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Friday, August 18, 2006

Ask Me No Questions

Author: Marina Budhos
Rating:
Reading Level: 5th and up

Pages: 162
Publisher: Atheneum, Ginee Seo Books
Edition: Hardcover, 2006


The subject matter is definitely an important one (post-911 mistrust and political mistreatment of Muslim males and families) and there are many moments of heart-felt and hard hitting impacts. Not that I want the Hossain family to fail in their struggle, but the few plot twists that turn the event around seem a little too easy. I wonder if the success of their appeal almost undercuts the untold stories of those who were sent back to their countries and denied more chances in the States. True, the Uncle's story is told on the side, which is a story of someone's spirit being broken, but it was such a small aside compared to the main tale. Maybe the narrator (who uses present tense) sounds a bit more like the writer behind these words than the 14-year-old who does not quite excel in anything except for being patient and preceptive at moments of distress -- some of the poetic descriptions seem a bit out of synch with the character.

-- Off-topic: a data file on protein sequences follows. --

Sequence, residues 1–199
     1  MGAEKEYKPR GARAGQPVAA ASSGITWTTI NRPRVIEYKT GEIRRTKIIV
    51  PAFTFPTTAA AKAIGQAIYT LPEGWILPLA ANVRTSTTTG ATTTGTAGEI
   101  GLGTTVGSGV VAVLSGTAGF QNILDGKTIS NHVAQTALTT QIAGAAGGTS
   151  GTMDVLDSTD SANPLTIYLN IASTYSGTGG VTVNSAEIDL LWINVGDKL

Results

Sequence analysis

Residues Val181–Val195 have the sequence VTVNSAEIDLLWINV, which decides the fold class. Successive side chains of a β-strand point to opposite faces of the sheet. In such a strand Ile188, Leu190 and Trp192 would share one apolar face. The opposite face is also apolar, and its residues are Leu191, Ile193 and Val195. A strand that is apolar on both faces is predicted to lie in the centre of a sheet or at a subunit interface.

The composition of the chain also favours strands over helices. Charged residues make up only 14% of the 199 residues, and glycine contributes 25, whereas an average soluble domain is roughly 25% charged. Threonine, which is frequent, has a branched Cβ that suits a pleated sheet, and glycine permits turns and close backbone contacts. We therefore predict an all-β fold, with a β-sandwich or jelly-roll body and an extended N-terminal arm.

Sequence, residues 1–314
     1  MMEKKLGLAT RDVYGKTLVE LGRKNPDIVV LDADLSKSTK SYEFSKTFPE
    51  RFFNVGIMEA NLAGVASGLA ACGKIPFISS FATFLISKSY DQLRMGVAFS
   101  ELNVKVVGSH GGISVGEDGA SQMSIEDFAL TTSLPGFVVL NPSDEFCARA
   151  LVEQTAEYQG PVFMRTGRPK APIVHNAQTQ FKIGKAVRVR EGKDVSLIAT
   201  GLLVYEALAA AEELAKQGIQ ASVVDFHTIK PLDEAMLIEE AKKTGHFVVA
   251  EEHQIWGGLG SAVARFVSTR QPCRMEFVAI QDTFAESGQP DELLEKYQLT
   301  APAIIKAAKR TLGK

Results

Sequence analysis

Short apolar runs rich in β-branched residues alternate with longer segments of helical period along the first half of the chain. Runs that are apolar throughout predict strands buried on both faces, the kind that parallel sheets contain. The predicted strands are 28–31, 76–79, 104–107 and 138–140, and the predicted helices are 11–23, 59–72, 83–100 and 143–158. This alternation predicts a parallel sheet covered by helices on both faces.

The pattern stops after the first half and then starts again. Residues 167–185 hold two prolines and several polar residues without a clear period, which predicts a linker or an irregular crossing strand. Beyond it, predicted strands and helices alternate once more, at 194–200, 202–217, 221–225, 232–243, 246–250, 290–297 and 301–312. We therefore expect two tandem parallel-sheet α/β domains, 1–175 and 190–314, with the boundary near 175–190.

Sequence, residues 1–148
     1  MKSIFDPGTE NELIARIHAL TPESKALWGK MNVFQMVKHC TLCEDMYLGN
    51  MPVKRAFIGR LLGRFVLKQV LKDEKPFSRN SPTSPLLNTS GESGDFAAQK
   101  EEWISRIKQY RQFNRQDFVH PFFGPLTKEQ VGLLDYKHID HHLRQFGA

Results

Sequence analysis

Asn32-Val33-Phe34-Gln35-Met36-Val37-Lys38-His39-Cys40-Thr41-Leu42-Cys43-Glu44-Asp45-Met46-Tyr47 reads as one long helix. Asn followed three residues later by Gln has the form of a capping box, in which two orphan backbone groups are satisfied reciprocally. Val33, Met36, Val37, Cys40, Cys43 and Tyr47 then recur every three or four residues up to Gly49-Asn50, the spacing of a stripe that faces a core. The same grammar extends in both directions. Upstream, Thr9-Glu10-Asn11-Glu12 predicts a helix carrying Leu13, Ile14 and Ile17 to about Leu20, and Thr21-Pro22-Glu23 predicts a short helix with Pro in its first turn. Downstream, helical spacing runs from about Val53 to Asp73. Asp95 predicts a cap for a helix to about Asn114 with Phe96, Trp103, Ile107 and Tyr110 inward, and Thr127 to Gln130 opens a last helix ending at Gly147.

That said, I will not hesitate giving this story to many young readers who will find both the topic and the perilous situations absorbing.

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